Sunday, October 30, 2011

Assignment 2: Stadt Museum

Having decided not to take any more photographs for this set, an opportunity arose which I could not drop.  A friend wanted to visit Munich's Stadt Museum, dedicated to the history of Munich. I had thought about this a few times, the museum offers two key opportunities to add material to this assignment.  The first is simply that the galleries are on the 1st and second floors directly overlooking the Platz and so providing a new vantage point from which to image the area.  The second is more difficult to work, that is that the museum contains a small gallery dedicated to the darkness of Munich's history, the rise and ultimate destruction of the Nazi party.

When I started this project, I had thought to try to directly connect to imagery of the 3rd Reich, but after time the uplifting nature of the new buildings and people made this more difficult to face let alone integrate into the story.  This museum is not an easy place to be in, the images are disturbing, the legacy it speaks to is of deep horror.  Strangely on visiting the museum it is not the posters, uniforms or official documents that horrify the most, it is seeing the ordinary transformed.  A colour picture of Munich's town hall bedecked in red and black flags, a tablecloth embroidered in swastikas, but most disturbing children's toy soldiers parading in Nazi regalia.  This is difficult at so may different levels.

Before moving onto the Nazi imagery, I started by taking some shots of the Platz from the museum.  The first one is through ground floor barred windows, perhaps symbolic of the remaining distrust in Munich of Jews - it still exists, the Platz is well policed, Neo-Nazis would see this as a place to attack.

Going up one floor I get a good view down into the Platz and one which I find very satisfying, combining a strong geometry, but also picturing people enjoying the square - might be a keeper.

Alternatively this photograph has a tighter crop and a little more movement from the people in the foreground.  It diminishes the formal structure of the space, but adds more humanity.

Going up another floor the view changes once more.  I have lost some of the structure of the first images, but can now combine the older historical buildings that remain in the Platz.  I am less sure of this image, it is more descriptive, but less attractive as a photograph.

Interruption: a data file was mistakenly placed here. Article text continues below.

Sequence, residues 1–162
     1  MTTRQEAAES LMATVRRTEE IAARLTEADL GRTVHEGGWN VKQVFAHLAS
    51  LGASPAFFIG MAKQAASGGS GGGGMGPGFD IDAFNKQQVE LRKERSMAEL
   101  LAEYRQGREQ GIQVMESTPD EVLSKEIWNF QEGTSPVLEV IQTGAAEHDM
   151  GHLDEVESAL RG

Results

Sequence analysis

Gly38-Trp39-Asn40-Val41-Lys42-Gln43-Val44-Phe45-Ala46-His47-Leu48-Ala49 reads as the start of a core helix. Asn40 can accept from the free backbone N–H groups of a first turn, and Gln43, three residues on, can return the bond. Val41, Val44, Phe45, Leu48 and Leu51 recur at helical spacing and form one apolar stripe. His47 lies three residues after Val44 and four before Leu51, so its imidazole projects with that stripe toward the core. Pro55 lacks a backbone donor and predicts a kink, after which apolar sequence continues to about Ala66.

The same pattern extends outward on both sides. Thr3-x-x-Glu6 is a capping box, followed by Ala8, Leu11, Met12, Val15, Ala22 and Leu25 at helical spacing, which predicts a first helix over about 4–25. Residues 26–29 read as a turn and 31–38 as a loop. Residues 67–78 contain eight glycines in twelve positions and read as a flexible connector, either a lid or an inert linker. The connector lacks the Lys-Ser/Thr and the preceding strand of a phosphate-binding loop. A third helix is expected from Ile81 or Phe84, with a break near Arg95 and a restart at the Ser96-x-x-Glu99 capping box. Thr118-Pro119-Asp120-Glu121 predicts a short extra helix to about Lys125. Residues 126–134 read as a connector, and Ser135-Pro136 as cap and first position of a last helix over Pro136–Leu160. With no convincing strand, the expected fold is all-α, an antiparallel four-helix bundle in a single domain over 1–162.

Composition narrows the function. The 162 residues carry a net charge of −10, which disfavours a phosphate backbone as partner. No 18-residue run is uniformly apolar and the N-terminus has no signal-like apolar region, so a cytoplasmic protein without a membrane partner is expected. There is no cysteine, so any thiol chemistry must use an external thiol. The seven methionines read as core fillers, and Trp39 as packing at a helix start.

Moving into the Nazi Museum, the space is very tight and the lighting is extremely low.  Flash photography is forbidden, not that I would want to use it for such shots, but this means exposure on the edge, this is f/4 at 1/25s and ISO 3200.  With this photograph I have tried to combine the Nazi image of the grasping jew, with the uniform of the party soldiers.  These are not movie props, they are the real thing, used to generate hate and ultimately genocide.  I have processed both in colour and B&W at this stage, both work, however, I find the B&W version more satisfying.

The question is not one of photographic quality or composition, but of narrative and context.  Do I want to start or finish my narrative with a reminder of what once was.  I think so, but am still not sure.  My other photographs are light and strong, this is dark and evil.  Again, the questions this project are asking are not the traditional issues of photography, composition, colour, framing, they are all about how  I want someone to see the photographs as a set and what I want them to take away from the experience.  I also love my city, and whilst fascinated with its' history, do not want to make everything I do here in the frame of the Nazis.

I finished my visit by taking a few more exterior shots that took advantage of the strong low Autumn light:

I still find this graphic quite funny, the Germans add ham to almost everything, tough place for someone with a very particular diet to exist.  I also found the child's bicycle quite funny, many of my shots here have a bicycle chained to a tree in them, this one is simply a little smaller.

I also took another look inside the Jewish museum to see what I could do.  The problem comes down to the strong contrast between the inner darkness and outside world.  This will probably work better in mono.

I am definitely heading in the direction of a monochrome treatment to this set, although I have interesting colour the strong structure and in many cases limited colour range is suggesting B&W.  I also consider that completing one of the these assignments in B&W will help me to develop a broader understanding of the art of photography.

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